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Mr. JENSEN. It did seem that way. In other words, if we had only. a part of the proof of one specific item but not every bit of proof, that it could be disallowed.

Mr. KEAN. I did not have any intention of that being in the bill. My thought was that if he could substantiate 75 percent, that the 75 percent would be allowed and if he could not substantiate the other 25 percent, the other 25 percent would be disallowed.

Mr. JENSEN. It, to us, seemed to mean that it required perfect proof as distinguished from substantially adequate proof. I appreciate that is maybe the extreme interpretation on it, but it opens the door to that.

Mr. KEAN (reading): No deduction shall be allowed under this subsection unless it is substantiated in accordance with regulationsThat is the provision.

Mr. JENSEN. Yes, sir .

Mr. KEAN. If 75 percent were substantiated, it would be allowed, if 25 percent were not substantiated, it would not be allowed.

Mr. JENSEN. If carried to the extreme in traveling expenses it would require obtaining a receipt for every taxi fare. I appreciate that depends on the final regulations, yes, sir, and in the discretion followed in administering the regulation.

Mr. KEAN. I do not think there was any thought that the 100 percent would be disallowed if they could not prove the whole 100 percent.

Mr. Mason. Would the gentleman yield there? But perhaps the substantiation even of the 75 percent would be under question if the regulations required certain things that could not be allowed, but on the whole it should be substantiated if the regulations had gone too far. I think that is your theory, is it not?

Mr. JENSEN. Exactly, sir.

Mr. BYRNES. In this whole area are you not forced to rely on a certain reasonableness as far as the Bureau is concerned and as far as the regulation is concerned? It is just impossible to draft legislation which will not depend to a large extent upon the reasonableness of enforcement and reasonableness of administration.

Mr. DANNE. That is a laudable approach, and I hope that is what it means. As we point out here, it is impossible as a practical matter to spell out in complete detail in regulations exactly what the record should be required in connection with every type of deduction.

Mr. BYRNES. It would be all the more difficult to spell it out in legislation. Mr. DANNE. I agree with you, sir.

Mr. BYRNES. So in enacting statutory changes, we have to rely upon the reasonableness of the Bureau itself.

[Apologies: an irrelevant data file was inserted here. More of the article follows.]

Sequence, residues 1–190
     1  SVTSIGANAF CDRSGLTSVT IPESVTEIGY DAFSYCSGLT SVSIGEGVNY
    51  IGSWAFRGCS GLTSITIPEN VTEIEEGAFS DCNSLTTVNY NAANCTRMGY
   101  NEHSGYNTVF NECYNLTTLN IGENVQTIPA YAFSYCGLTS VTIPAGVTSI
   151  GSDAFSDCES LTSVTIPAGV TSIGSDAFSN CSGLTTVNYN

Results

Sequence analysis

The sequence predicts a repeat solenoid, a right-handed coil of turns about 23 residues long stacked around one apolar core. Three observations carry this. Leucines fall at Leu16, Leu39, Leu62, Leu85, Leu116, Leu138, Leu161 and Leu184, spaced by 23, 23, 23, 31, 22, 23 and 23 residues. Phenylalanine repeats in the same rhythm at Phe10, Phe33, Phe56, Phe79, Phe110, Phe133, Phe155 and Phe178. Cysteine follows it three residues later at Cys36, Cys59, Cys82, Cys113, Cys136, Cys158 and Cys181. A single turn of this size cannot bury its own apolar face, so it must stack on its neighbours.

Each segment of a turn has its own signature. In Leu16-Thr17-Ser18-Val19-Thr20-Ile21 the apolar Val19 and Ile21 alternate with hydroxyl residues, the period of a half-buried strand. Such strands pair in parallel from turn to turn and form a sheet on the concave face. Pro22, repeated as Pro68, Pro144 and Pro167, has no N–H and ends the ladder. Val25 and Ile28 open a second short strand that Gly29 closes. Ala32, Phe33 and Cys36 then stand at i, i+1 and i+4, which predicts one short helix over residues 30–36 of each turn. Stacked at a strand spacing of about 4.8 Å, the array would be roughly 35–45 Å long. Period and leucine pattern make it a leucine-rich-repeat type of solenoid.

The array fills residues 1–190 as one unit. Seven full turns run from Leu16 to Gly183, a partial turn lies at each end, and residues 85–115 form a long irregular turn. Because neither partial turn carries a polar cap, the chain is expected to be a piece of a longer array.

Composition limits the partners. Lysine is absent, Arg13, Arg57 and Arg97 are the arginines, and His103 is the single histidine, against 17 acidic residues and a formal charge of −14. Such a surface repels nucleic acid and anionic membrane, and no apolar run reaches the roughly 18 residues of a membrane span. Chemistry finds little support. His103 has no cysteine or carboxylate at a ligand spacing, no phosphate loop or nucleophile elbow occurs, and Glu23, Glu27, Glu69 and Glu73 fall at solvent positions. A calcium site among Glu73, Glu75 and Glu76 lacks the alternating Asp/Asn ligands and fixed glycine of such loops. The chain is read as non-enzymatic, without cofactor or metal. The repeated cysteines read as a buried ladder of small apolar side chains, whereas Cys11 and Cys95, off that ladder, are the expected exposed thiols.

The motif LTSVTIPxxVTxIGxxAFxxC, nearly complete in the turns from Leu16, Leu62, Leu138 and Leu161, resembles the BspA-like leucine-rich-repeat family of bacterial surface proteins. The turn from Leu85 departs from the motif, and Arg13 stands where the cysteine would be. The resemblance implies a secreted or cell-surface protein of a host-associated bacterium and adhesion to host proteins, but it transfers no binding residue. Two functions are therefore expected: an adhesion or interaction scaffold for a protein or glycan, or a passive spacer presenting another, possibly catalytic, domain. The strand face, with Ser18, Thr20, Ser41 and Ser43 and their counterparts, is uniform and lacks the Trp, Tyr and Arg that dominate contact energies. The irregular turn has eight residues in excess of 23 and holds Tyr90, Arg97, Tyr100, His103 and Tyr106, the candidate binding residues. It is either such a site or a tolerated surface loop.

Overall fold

Mr. DANNE. I agree with you there. The thing we are concerned about, sir, is whether this provision will require that an agent making an examination of a return must see a voucher for every single transaction involved in the financial arrangement that made that return and in the absence of seeing the voucher that will be disallowed.

Mr. BYRNES. I do not think that was the intention of the subcommittee.

Mr. DANNE. That was our concern.

Mr. KEANE. I do not think it was the intention of the committee if a man, for instance, say in business, took 10 trips to New York, that every time he left he would have to show the stub of his railroad ticket. If it were a trip to San Francisco, it might be different. Mr. SIMPSON. How would


do it? Mr. KEAN. I think the answer would be the reasonableness of the regulations in the fact that the agent looking it over could say the man could substantiate he made 10 trips to New York, the fare to New York is $10 or $8 from here, that that would be allowed. Mr. FORAND. Mr. Chairman, I was interested in the colloquy rela

, tive to the reasonableness to be exercised in the administration of this particular section that we have been discussing. I cannot let the opportunity pass without calling attention to the fact that with all of this investigating business going on I am very fearful that the employees of the Bureau of Internal Revenue are not going to be able to be reasonable; they are going to be so scared that they are going to lean over backward, and the poor taxpayer will be the mercy of these collectors.

Mr. JENSEN. Would it be proper, Mr. Chairman, if these folks would make a recommendation as to how you would change this language? You are experts now.

I would like to know how you would remedy this language so as to cover your objections.

Mr. DANNE. We would be glad to take it under consideration. We are not experts in draftsmanship.

Mr. JENSEN. You are smart fellows; you have a good field. I would like the benefit of what you think about it.

Mr. DANNE. We would be glad to take it under advisement and furnish the committee with some views which can be the basis for drafting.

Mr. REED. I ask unanimous consent that that be made a part of the record.

Mr. COOPER. Whatever you prepare you can submit it to the clerk of the commiuttee for use of the committee.

Mr. REED. Could it not be made a part of the record?

Mr. COOPER. If he gets it ready in time to include it in the printed record.

Mr. DANNE. We will try to do that, sir. (The information referred to follows:)


Washington 5, D. C., May 29, 1952. H. R. 7893 Hon. ROBERT L. DOUGHTON, Chairman, Committee on Ways and Means,